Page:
Time to cut off the duck's head and for everyone to sing, fa, ra, ra, ra, ra!
Happy Holidays!
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It's not coming back
written by Bob G, November 17, 2009
No merry Christmas for the economy this year, nor, maybe, ever: the economy is not coming back. In the new era, as traditional celebrations are hollowed out, secular society will begin to miss what it had and look about to see what went wrong: the goose that lays the golden eggs was served up for dinner. From now on it's rice and beans.
0
...
written by Robert Royal, November 17, 2009
Thomas, I think Prof. McInerny is referring to the now embarassing propaganda Britain - and also America - began to put out in favor of the USSR and "Uncle Joe Stalin" when they became our allies after beng attacked by Hitler. Waugh satirizes it in the third volume of Sword of Honour. The Cold War obviously came later.
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Happy Easter
written by Pio, November 18, 2009
We should keep in mind that the observance/importance of Christmas has varied widely throughout church history. So even if we succeed in re-Christianizing the public aspects of the Christmas holiday, it alone would not convey the centrality of our faith. Christians are fundamentally "Easter people."
0
Feeling the years...
written by Graham Combs, November 18, 2009
I'm "only" 57, but feel the years especially in Advent. As a new Catholic, the Christmas Story means more than ever. Aside from cards (always of the Mother & Child), I participate less and less. I recently read Prof. McInerny's memoir -recommended- which reminded me of how much I have missed. Yet my childhood Anglican Christmases retain their charm and beauty - mostly gone today as well. The professor's advice is apt - I dread a White House's hostile recognition of the Nativity.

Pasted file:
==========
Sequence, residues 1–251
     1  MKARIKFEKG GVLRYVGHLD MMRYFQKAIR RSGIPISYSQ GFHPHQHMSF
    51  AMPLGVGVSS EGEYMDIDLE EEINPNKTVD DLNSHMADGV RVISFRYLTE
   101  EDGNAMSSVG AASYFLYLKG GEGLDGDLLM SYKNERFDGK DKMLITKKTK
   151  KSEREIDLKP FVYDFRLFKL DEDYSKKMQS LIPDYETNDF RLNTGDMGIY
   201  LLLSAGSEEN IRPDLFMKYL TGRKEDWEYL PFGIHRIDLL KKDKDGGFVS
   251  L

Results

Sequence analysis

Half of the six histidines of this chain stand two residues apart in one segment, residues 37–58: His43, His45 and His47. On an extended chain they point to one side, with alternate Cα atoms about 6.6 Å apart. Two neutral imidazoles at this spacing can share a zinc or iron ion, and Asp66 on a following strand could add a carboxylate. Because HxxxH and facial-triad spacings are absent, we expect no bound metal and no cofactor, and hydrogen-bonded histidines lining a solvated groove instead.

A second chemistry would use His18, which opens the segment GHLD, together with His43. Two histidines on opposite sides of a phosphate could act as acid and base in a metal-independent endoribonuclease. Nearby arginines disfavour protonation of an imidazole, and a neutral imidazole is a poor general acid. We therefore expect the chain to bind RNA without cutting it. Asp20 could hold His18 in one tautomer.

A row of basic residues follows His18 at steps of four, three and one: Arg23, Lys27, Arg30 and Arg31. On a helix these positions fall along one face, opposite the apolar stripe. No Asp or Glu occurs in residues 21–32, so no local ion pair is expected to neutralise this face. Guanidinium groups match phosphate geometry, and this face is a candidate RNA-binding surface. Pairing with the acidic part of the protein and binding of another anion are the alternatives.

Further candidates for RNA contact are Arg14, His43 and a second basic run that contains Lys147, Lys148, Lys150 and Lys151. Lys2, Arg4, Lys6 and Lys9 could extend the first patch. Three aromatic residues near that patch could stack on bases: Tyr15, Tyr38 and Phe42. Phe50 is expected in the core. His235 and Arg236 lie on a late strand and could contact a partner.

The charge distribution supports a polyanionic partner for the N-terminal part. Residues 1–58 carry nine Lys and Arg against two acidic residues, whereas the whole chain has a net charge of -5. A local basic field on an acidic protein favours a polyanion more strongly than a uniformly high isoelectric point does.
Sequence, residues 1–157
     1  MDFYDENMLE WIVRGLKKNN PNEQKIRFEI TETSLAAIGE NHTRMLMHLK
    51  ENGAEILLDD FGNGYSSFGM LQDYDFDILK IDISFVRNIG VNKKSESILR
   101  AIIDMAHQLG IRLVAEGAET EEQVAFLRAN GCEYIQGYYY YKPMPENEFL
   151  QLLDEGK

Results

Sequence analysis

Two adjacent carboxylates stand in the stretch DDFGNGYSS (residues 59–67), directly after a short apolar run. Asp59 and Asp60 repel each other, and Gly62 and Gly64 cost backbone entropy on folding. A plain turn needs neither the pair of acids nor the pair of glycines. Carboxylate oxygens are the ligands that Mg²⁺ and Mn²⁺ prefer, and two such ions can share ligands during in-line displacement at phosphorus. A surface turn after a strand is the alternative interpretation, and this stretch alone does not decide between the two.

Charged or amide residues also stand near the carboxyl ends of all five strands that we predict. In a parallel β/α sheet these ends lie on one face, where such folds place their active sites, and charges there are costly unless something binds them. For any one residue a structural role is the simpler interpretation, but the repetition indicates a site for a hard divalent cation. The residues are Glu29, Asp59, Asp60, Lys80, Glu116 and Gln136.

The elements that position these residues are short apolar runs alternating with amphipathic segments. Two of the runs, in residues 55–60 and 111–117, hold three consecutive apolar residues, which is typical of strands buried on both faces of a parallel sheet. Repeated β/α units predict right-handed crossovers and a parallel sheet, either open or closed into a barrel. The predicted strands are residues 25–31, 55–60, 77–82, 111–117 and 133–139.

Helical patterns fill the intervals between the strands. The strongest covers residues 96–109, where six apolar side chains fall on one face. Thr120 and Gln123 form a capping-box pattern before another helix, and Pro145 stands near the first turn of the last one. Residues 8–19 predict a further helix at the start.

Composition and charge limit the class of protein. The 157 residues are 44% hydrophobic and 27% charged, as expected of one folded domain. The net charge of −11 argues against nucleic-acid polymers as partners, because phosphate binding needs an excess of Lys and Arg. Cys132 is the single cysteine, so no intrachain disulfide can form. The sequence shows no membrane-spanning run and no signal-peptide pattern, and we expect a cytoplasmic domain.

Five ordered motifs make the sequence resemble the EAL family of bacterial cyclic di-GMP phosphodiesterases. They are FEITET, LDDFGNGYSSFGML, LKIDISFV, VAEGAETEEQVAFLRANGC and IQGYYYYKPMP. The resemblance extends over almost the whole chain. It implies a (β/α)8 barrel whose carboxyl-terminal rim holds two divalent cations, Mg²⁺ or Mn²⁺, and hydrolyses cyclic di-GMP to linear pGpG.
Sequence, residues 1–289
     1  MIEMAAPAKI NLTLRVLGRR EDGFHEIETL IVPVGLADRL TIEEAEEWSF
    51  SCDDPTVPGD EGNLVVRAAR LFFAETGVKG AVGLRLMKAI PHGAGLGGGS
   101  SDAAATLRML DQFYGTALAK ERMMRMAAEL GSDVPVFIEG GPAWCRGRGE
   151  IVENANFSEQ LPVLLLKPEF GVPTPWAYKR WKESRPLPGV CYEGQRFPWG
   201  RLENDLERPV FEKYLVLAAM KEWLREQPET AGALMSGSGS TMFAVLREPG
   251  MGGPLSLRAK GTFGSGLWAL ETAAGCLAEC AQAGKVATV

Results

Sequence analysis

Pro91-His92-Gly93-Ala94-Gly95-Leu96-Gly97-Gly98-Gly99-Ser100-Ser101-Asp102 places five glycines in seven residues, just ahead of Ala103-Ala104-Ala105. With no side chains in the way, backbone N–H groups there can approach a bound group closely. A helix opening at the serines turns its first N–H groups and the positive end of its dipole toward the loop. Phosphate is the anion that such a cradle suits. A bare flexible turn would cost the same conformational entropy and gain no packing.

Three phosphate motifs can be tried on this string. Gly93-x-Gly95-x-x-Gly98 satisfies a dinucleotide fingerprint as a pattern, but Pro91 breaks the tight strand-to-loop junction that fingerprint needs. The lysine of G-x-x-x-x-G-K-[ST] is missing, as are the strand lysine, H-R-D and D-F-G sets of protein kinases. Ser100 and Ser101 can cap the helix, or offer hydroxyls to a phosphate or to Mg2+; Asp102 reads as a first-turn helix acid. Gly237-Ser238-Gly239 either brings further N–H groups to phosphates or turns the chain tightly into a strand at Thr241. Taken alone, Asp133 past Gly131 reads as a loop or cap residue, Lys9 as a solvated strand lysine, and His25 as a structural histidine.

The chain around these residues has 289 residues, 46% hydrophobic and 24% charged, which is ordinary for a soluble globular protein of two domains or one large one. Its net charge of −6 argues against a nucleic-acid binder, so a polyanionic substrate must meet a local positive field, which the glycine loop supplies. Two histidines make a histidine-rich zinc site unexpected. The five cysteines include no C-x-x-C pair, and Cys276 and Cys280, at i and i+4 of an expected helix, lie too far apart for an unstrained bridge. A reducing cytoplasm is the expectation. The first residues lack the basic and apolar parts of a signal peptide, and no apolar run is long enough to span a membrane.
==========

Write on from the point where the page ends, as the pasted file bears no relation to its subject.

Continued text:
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A Lenten Advent
written by Susan, November 19, 2009
Advent has become my second most prayerful of the Liturgical Calendar, the first being the Easter Tridium: The commercialism is a forced time of inner silence and aloneness--All One with Mary.
I attempt to go on a retreat during Advent.
I do penance--to prepare for His coming--I become pregnant and carry Jesus in every cell of my being. "With the divinest Word, the Virgin
Made Pregnant, down the road Comes walking, if you'll grant her a room in your abode." St.John of the Cross
0
Retired
written by John McCarthy, November 19, 2009
What a beautiful essay! And what meaningful letters! Gracias.